type
Thesis
publication status
published
subject
in
Lund University, Faculty of Medicine Doctoral Dissertation Series
volume
2018
issue
155
pages
76 pages
publisher
Lund University: Faculty of Medicine
defense location
Aulan, CRC, Jan Waldenströms gata 35, Skånes Universitetssjukhus i Malmö
defense date
2018-12-17 09:00:00
ISSN
1652-8220
ISBN
978-91-7619-724-0
language
English
LU publication?
yes
id
6a60b1b2-59c1-4e00-9430-51600a4101f2
date added to LUP
2019-01-14 04:08:38
date last changed
2019-11-19 13:49:46
@phdthesis{6a60b1b2-59c1-4e00-9430-51600a4101f2,
  abstract     = {Abstract: <br>
Cardiovascular diseases and diabetes mellitus are closely linked by sharing common risk factors, such as obesity, insulin resistance, hypertension and dyslipidaemia. These intermediate risk factors are affected by the joint effects of environment and genetics. Although a multitude of studies aimed to disentangle the effects of gene-environment interactions, many of the published gene-environment interaction analyses are inadequately powered and lack replication due to the small magnitude of interaction effect sizes. Meanwhile, many more potential gene-environment interactions affecting cardiometabolic risk are yet to be discovered. This thesis investigated the role of genetic and environmental factors in a range of cardiometabolic traits (e.g. body mass index (BMI), blood lipids, and blood pressure), using three complementary study designs. <br>
In Paper I, two Swedish cohorts, the Gene-Lifestyle Interactions and Complex Traits Involved in Elevated Disease Risk Study (GLACIER, N=4902) and the Malmö Diet and Cancer Study (MDCS, N=21,824) were analyzed. In the meta-analysis, a nominally significant interaction (Pint=0.03) was observed between sugar sweetened beverage (SSB) intake and a genetic risk score based on BMI related single nucleotide polymorphisms (SNPs). With SSB consumption defined as four categories, one SSB intake category increase was associated with 0.18 kg/m2 mean change of BMI (P= 1.7×10-20; n = 26,726). <br>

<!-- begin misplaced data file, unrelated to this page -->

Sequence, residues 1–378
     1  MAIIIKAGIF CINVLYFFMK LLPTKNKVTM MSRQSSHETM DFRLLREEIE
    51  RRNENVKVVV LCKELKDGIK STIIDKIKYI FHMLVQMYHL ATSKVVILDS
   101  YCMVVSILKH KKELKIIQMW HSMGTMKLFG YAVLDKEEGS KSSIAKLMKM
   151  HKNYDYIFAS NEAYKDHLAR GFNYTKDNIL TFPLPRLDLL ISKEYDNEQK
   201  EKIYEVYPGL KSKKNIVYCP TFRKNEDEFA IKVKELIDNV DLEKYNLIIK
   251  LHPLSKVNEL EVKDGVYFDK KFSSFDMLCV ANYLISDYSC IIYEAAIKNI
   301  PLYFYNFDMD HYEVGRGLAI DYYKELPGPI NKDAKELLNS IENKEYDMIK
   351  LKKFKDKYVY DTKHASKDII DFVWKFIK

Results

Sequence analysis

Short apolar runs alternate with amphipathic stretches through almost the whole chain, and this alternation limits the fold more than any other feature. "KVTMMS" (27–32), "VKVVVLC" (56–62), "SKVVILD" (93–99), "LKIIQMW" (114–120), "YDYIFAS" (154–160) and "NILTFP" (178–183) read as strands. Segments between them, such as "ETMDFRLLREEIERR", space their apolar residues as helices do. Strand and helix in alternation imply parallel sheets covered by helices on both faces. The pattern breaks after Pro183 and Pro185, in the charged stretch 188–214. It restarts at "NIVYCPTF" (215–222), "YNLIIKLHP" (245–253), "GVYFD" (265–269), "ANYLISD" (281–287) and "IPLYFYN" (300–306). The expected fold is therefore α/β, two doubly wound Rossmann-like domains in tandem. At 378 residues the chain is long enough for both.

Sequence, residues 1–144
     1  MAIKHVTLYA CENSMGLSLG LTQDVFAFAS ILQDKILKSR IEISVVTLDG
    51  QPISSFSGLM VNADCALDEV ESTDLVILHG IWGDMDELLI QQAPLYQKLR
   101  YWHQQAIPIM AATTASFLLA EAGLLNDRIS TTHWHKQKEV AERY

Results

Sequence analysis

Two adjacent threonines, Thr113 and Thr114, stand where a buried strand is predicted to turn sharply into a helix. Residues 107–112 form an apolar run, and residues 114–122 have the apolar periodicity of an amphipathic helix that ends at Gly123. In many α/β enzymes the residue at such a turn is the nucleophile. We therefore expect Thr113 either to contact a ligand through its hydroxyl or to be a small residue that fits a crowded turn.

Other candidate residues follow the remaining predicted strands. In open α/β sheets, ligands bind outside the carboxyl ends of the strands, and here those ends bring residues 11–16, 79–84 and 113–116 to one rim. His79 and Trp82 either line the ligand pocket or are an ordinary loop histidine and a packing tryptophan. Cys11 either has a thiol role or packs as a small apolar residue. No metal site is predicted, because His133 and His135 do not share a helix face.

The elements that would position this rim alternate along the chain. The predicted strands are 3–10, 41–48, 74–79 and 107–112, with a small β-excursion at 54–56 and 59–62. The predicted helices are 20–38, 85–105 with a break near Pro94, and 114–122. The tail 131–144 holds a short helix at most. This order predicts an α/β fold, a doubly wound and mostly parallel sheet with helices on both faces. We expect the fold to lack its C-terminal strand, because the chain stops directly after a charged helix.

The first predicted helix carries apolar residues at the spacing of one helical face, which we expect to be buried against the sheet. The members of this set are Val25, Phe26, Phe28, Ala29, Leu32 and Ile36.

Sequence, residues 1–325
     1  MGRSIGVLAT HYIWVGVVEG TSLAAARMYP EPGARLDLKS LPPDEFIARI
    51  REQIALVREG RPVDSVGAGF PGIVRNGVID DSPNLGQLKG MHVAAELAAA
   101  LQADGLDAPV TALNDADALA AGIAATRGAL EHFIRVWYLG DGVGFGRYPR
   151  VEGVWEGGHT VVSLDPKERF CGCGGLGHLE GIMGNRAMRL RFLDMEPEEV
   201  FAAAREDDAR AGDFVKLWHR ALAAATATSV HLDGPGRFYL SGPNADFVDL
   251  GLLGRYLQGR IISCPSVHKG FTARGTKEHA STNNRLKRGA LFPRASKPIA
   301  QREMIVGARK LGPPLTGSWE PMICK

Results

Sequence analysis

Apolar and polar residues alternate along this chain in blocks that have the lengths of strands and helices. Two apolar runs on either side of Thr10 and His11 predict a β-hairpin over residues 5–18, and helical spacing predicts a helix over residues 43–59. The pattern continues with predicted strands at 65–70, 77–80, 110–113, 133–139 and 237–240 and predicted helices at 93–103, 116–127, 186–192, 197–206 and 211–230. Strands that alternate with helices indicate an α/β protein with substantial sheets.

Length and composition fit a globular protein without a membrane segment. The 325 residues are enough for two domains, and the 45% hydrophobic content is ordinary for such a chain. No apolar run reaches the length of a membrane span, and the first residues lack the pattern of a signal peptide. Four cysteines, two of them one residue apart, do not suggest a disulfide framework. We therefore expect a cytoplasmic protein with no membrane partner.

In Paper II, interactions between dietary polyunsaturated fatty acid (PUFA) intake and variation at the fatty acid desaturase (FADS) gene cluster were investigated in the GLACIER cohort (N=5,160). In summary, SNP-, haplotype-, and gene-level interaction signals were observed in relation to serum triglyceride concentrations. Through functional annotation, the FADS2 rs5792235 SNP was identified as the probable causal variant in the region (owing to its high functionality score). <br>
In Paper III, using repeated-measures data from &gt;18,000 adults in a subcohort of the Västerbotten Health Survey, an environment-wide association study (EWAS) was performed employing linear mixed-models, assuming different intercepts for each individual. A varying number (12-75) of exposure variables showed environmental-wide-significant associations with nine cardiometabolic traits. For the first time, we showed that heptadecanoic acid (C17:0) is strongly associated with a range of cardiometabolic traits. <br>
In conclusion, in this thesis I report novel and confirmatory evidence of environmental risk factors, as well as gene-environment interactions for major intermediate cardiometabolic risk factors.},
  author       = {Chen, Yan},
  isbn         = {978-91-7619-724-0},
  issn         = {1652-8220},
  language     = {eng},
  number       = {155},
  publisher    = {Lund University: Faculty of Medicine},
  school       = {Lund University},
  series       = {Lund University, Faculty of Medicine Doctoral Dissertation Series},
  title        = {Genetic and Environmental Factors in Cardiometabolic Risk},
  url          = {https://lup.lub.lu.se/search/files/56821943/Yan_Chen_web.pdf},
  volume       = {2018},
  year         = {2018},
}